Pope Francis gets model of Facebook’s solar-powered drone designed to ‘deliver message of hope’
In a private audience with the head of the Catholic Church, Zuckerberg and his wife took the time to tell Pope Francis of their admiration for “his message of mercy and tenderness, and how he's found new ways to communicate with people of every faith around the world.”
Discussing the “importance of connecting people” in remote areas of the world, the 32-year-old wrote in his Facebook post, that he had presented the pontiff with “a model of Aquila, our solar-powered aircraft that will beam internet connectivity to places that don’t have it.”
In a statement released by the Holy See Press Office, the Vatican acknowledged that Pope Francis and, Zuckerberg spoke about how to use “communication technologies to alleviate poverty, encourage a culture of encounter, and help deliver a message of hope, especially to those people who are most disadvantaged.”
Facebook Connectivity Lab has been heavily investing in new technologies as a way of bringing internet access to over 1.6 billion people who have no connectivity in remote regions of the planet. The social media giant has been focusing on introducing aircraft, satellites, and wireless communications systems to connect some 60 percent of the global population to the internet.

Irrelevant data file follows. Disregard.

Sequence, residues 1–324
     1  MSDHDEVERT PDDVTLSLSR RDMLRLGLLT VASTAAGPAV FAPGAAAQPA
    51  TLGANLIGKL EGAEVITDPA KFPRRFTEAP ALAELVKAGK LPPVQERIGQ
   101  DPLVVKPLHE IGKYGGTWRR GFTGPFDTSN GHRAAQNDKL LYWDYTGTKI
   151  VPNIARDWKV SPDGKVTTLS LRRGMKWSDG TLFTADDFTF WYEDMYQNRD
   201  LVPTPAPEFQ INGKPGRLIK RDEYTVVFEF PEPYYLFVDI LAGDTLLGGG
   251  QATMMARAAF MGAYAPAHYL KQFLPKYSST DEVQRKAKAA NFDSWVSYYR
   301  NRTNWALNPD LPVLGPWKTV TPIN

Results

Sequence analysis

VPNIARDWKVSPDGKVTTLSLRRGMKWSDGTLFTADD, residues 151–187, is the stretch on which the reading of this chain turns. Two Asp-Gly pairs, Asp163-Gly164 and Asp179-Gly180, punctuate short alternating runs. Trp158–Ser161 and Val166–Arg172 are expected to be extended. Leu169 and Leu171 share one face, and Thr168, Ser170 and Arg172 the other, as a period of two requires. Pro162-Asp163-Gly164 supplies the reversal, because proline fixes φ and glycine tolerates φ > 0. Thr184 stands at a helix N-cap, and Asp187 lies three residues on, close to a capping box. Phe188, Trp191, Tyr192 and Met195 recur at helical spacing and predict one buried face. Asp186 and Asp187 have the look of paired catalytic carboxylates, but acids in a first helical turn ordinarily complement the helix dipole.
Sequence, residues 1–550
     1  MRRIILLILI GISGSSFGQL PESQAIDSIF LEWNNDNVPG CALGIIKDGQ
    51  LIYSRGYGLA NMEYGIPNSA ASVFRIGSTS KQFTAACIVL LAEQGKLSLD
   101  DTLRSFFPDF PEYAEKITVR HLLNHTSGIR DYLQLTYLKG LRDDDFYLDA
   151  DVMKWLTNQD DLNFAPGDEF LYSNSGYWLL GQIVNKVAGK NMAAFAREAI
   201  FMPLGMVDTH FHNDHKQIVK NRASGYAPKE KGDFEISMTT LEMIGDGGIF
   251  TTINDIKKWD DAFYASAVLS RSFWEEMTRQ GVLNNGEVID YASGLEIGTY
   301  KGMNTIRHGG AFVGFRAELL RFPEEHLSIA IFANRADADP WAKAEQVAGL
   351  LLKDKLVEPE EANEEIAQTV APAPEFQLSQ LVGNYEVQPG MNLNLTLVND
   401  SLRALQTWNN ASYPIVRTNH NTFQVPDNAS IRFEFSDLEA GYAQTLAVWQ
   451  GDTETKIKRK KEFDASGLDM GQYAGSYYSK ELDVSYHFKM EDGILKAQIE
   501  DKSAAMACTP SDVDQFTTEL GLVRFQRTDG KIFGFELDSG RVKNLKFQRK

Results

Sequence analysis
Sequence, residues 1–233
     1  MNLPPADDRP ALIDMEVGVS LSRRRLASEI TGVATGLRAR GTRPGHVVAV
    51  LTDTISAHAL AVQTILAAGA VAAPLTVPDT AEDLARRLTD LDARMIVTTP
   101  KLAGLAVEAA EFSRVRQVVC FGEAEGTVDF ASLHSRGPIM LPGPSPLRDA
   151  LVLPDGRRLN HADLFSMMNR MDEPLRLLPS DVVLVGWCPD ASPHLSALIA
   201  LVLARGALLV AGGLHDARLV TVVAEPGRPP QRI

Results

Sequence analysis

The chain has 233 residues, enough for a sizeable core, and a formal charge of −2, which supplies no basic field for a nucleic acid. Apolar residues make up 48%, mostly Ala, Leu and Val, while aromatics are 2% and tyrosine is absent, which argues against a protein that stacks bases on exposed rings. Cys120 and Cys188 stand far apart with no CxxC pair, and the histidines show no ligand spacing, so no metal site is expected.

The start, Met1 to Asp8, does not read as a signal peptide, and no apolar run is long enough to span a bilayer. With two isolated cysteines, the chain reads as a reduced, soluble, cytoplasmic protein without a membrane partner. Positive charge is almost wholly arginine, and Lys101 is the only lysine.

Last month the Connectivity Lab boasted about the first full-scale test flight of Aquila, a high-altitude, solar-powered drone designed to administer internet in remote locations. If all goes well, Aquila will cover a region of 60 miles in diameter, beaming the internet from an altitude of more than 60,000 feet using “laser communications and millimeter wave systems.”
“Aquila is designed to be hyper-efficient, so it can fly for up to three months at a time. The aircraft has the wingspan of an airliner, but at cruising speed, it will consume only 5,000 watts – the same amount as three hair dryers, or a high-end microwave,” FB said last month.
Once operational Aquila will carry a communications payload that will use lasers to transfer data more than 10 times faster than existing systems.